# [Tutor] List comprehensions to search a list--amazing!

Peter Otten __peter__ at web.de
Fri Mar 20 09:21:13 CET 2015

```Patrick Thunstrom wrote:

>>>> The generalized problem:
>>>>
>>>> L = [V0, V1, ..., Vn], where V0 >= V1 >= V2 >= ... >= Vn .
>>>> Find index i, such that V[i] >= Vt >= V[i + 1], where Vt is the test
>>>> value being searched for. I need to know the indices i and i + 1,
>>>> which I need to interpolate based on where Vt falls.
>>>>
>>>> The solution (As a sublist, S)  I worked out tonight after
>>>> experimenting with comprehension syntax is:
>>>> S = [i for i, V in enumerate(L) if L[i] >= Vt >= L[i + 1]]
>>>>
>>>> And, of course, the index i I need is:
>>>> i = S[0]
>>>>
>>>> I tested this out with concrete examples in the interpreter, such as
>>>> with a list, L:
>>>>
>>>> L = [item for item in range(10000, 0, -1)]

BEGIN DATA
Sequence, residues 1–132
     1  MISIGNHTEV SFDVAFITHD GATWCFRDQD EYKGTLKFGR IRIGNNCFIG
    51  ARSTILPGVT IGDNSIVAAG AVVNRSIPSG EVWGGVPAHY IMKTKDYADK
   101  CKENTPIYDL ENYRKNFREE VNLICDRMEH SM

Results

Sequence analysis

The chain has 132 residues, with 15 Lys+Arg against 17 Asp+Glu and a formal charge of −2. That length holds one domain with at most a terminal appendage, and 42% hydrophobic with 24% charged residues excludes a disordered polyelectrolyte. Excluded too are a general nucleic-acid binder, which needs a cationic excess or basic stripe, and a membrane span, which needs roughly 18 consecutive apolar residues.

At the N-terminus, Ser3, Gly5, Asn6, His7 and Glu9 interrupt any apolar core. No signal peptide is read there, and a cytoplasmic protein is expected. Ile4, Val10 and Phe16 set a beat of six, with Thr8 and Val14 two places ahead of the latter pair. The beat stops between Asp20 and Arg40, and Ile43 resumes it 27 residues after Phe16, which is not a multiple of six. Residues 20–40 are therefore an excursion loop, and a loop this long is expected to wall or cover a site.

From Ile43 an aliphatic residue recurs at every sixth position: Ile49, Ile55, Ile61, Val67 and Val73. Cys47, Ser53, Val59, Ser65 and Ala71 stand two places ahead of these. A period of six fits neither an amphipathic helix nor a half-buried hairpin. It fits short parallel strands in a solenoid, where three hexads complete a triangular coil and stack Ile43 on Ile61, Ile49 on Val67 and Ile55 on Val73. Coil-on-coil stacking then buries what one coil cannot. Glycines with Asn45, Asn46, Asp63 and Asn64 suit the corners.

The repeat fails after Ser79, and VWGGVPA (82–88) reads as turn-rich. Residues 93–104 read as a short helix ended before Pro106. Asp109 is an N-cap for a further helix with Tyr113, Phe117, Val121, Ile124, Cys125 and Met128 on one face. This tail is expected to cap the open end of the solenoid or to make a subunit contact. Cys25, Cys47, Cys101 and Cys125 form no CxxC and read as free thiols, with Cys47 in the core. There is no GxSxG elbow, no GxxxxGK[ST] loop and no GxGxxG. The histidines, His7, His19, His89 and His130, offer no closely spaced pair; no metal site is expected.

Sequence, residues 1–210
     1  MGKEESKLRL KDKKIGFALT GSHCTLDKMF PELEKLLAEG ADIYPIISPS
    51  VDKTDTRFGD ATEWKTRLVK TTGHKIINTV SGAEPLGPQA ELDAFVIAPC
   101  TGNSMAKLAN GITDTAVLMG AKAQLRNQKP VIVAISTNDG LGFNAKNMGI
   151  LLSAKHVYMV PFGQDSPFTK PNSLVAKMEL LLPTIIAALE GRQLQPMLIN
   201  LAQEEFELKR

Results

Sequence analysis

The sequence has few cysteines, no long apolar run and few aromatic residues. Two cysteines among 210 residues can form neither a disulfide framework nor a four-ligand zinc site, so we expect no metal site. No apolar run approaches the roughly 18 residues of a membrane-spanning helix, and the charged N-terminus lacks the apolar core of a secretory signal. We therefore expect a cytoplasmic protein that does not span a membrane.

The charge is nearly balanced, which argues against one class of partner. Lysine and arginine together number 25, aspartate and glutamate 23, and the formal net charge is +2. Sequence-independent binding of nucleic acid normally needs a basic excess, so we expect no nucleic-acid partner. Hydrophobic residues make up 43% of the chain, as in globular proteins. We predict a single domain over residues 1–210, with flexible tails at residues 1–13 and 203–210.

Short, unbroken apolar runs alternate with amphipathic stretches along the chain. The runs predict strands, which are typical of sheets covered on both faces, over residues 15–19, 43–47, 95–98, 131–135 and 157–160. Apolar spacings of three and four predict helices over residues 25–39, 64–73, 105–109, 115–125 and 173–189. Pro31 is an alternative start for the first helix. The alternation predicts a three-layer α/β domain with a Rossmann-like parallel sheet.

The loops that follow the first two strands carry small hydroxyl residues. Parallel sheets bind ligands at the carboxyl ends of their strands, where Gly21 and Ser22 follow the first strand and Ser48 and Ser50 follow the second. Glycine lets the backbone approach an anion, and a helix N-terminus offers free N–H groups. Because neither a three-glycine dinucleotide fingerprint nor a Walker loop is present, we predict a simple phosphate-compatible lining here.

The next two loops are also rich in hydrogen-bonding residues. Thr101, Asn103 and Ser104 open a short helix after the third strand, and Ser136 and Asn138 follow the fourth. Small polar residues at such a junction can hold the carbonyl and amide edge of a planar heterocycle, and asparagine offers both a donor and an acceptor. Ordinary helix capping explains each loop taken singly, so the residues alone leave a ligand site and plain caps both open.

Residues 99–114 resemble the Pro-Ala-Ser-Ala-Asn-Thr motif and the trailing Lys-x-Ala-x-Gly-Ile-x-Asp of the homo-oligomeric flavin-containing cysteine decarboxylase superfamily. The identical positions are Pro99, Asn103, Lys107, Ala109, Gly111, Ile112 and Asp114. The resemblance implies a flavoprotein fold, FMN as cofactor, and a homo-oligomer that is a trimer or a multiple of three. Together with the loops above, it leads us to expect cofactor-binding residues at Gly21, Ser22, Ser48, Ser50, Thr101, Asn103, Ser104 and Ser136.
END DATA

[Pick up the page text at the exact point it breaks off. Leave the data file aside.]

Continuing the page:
>>>>
>>>> and trying different test values. It was blazingly fast, too!
>>>>
>>>> All I can say is: WOW!!!
>>
>> By the way, if you were to use a plain old loop the expected speedup over
>> the listcomp would be 2. You can break out of the loop when you have
>> found the gap, after iterating over one half of the list on average.
>>
>> So for-loops are twice as amazing ;)
>
> For the same basic speed up, a generator expression with a call to
> next() will produce similar results. Without the additional code to
> get the indexed item.
>
> index = (i for i, _ in enumerate(original_list) if original_list[i] >=
> target >= original_list[i + 1]).next()
>
> The only catch is it raises a StopIteration exception if no element
> fits the test.

In new code you shouldn't call the next() method (renamed __next__() in
Python 3) explicitly. Use the next() builtin instead which also allows you
to provide a default:

>>> exhausted = iter(())
>>> next(exhausted)
Traceback (most recent call last):
File "<stdin>", line 1, in <module>
StopIteration
>>> next(exhausted, "default_value")
'default_value'

That said, rather than polishing the implementation of the inferior
algorithm pick the better one.

Ceterum censeo bisect is the way to go here ;)

```